Graffiti has been used since ancient times for many reasons and in many ways: protest, poetry, artistic expression, or simply boredom. Many examples of graffiti were preserved in Pompeii when Mount Vesuvius erupted in A.D. 79. There are examples of classical Greek graffiti on the pyramids in Egypt, which were already ancient when ancient Greece was young, and were a popular tourist destination for the wealthy of that time. In some cases graffiti devolves into the criminal activity of defacing property without permission; in other cases it is encouraged and supported as a means of decorating otherwise nondescript locations. In both cases, graffiti commonly serves as an outlet for expressing thoughts and opinions when no other medium seems to exist.
I have found that the power of graffiti can help improve both an architecture and its disemmination throughout a technical organization.
Any architect with a reasonable view of his or her own limitations understands that they do not have a monopoly on all of the answers, or even all of the best ideas. They also understand that it is not feasible to involve every person in the organization in every architectural decision which must be made. But it is possible to receive informal, and sometimes invaluable, thoughts and opinions on architecture drafts via graffiti in this simple way:
- Make a big picture of your big picture. Print the drafts of your architecture diagrams on the largest sheets of paper you can. Some plotters support page sizes which are multiple feet in dimensions.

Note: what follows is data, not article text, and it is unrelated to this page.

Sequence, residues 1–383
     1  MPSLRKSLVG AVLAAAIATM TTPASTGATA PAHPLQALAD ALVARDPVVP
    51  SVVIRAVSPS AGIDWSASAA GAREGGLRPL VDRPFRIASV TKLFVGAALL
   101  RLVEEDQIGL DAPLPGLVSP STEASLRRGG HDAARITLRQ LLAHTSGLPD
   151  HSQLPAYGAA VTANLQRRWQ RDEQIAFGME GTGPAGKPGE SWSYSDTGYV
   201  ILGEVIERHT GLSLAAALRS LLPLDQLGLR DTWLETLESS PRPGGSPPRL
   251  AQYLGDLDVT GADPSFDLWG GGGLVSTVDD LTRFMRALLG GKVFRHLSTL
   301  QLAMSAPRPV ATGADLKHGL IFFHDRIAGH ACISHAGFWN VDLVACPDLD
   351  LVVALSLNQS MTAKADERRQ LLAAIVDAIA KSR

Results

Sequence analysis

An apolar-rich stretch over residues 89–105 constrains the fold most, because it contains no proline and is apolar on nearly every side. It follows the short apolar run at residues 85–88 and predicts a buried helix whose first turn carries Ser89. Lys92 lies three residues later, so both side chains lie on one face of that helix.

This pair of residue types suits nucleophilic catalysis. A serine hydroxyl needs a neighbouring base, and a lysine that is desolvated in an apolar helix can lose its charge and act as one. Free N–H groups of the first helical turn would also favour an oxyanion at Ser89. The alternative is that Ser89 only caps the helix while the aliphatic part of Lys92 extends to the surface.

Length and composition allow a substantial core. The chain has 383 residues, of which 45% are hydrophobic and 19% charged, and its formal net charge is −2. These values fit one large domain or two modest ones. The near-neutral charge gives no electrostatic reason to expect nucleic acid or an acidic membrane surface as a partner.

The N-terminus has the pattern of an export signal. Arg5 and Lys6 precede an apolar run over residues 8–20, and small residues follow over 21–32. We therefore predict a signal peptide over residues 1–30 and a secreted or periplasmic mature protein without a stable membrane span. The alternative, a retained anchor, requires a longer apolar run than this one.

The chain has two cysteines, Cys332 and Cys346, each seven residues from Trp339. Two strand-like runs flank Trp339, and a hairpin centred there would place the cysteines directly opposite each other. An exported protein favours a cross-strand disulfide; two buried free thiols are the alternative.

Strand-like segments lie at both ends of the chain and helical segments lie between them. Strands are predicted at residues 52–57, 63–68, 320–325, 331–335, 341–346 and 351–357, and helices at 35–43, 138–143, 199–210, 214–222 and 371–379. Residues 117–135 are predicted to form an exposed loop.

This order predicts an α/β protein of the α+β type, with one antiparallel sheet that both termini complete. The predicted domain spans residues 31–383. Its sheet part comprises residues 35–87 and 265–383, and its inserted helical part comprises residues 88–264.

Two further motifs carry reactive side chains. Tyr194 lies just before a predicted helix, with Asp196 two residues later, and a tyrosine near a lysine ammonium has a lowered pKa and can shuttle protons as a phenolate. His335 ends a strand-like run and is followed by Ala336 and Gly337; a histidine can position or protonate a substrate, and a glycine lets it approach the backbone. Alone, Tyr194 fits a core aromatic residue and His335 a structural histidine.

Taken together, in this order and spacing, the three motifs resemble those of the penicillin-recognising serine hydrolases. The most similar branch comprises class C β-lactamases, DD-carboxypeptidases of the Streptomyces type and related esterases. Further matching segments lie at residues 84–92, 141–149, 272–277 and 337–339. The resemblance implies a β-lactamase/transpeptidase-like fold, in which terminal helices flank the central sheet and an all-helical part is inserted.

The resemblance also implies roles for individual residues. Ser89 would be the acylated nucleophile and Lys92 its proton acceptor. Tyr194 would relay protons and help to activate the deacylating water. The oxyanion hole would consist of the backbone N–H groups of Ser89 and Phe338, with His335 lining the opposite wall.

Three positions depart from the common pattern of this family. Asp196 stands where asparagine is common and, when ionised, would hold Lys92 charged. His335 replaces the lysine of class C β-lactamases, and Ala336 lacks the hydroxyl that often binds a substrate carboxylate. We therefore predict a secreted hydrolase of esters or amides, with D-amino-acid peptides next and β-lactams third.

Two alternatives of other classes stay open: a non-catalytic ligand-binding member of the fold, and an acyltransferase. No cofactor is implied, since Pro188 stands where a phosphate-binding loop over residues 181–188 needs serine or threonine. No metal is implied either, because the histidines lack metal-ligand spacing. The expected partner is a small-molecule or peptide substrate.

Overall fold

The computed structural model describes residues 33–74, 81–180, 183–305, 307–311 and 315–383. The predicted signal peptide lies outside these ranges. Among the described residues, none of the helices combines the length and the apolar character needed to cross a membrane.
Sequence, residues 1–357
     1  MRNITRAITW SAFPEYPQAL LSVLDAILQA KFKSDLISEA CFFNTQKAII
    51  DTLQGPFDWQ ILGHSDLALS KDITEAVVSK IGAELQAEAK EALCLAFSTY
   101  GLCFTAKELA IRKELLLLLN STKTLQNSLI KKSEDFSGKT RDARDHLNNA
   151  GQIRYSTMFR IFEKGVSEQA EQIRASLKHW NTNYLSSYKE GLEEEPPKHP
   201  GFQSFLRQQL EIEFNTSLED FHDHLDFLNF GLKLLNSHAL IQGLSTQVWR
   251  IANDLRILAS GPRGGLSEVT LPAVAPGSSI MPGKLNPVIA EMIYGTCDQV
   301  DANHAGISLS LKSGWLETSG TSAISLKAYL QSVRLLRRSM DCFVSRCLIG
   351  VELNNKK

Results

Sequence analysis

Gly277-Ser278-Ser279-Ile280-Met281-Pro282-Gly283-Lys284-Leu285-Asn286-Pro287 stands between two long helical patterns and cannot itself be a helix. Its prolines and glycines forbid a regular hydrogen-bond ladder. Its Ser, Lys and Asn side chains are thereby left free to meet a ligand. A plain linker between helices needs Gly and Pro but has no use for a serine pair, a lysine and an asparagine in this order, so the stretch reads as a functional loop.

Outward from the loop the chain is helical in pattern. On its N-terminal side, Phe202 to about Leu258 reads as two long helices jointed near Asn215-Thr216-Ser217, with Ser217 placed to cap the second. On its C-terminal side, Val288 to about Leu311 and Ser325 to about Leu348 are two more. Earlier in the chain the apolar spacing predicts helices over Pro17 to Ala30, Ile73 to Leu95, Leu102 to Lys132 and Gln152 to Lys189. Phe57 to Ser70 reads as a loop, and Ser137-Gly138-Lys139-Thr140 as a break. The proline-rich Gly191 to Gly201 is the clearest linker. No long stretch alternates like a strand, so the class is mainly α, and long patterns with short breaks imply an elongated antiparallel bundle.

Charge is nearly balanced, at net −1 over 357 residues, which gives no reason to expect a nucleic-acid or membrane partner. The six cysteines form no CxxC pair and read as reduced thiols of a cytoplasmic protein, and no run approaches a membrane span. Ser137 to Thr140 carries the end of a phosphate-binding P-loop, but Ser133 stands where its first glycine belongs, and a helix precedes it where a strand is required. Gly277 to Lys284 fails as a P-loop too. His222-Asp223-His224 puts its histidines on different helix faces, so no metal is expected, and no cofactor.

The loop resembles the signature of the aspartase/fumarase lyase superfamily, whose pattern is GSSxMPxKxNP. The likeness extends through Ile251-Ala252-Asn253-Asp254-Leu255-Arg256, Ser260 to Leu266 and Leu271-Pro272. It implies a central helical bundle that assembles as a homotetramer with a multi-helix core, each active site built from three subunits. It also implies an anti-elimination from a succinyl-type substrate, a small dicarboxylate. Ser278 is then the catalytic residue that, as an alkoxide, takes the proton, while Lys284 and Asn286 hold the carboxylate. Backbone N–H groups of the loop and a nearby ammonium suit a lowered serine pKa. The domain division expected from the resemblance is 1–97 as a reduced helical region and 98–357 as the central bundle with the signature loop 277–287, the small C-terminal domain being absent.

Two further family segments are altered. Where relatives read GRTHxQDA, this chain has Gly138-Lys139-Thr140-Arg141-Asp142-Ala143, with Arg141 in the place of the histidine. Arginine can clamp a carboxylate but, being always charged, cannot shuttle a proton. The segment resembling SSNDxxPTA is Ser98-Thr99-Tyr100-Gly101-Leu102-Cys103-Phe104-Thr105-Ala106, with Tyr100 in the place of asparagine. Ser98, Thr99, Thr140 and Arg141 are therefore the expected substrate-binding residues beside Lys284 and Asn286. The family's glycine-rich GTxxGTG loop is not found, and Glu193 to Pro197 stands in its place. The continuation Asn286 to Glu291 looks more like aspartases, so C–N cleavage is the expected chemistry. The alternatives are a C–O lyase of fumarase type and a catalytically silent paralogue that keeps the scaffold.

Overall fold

- Be sure to include a descriptive title, a contact name/email/mobile, the date of printing, and a version number (if applicable).
- Hang copies of these prints in common areas or hallways where they will be seen by the engineers, developers, testers, and others.
- Hang an additional copy directly outside your own workspace.
- Provide a marker or pen for writing comments directly on the draft. I have found it helps to write “Please add your own comments!” or some such encouragement in very noticeable type directly on the page. (You can even get the party started by adding some mark-ups of your own.)
- Publicize via an email or word of mouth that you want to know what people think of the draft, and that you would appreciate input written directly on the diagrams. Explain that if someone writes a question and desires an answer, the author should include their name or some other way for you to know who they are.
- Sit back and watch what happens!
Every time I have done this, I have never failed to receive valuable input. The posters become gathering places for people to debate and discuss different points of the system, the ensuing design, or the future possibilities enabled (or prevented) by the architecture. Other benefits include:
- Insight into which areas of the architecture or diagrams are confusing or misleading.
- Greater understanding of the architecture throughout the technical organization.
- More willingness on the part of many to stop by and personally discuss aspects of the drafts with you and your team.
Make time in your schedule to walk around and visit the posters, and join the conversations. Be sure to listen to what people are trying to say (beyond the words they are actually using). Try to answer questions by following up with the asker, or by writing the answer directly on the poster. Once the draft has evolved, hang the new and improved version and repeat. Don’t forget to follow up with gratitude for all of the input.
In the end, many more people than just “the architect(s)” will feel they have made a valuable contribution to, and therefore will feel ownership of, the system architecture. Obviously this idea is applicable beyond architecture. Strategy, roadmaps, design – any big picture concept which has organizational impact can benefit from additional input or insight. I have yet to see a downside to such democratization!
Do you have other ideas to spread knowledge and ownership of big pictures? Please share below!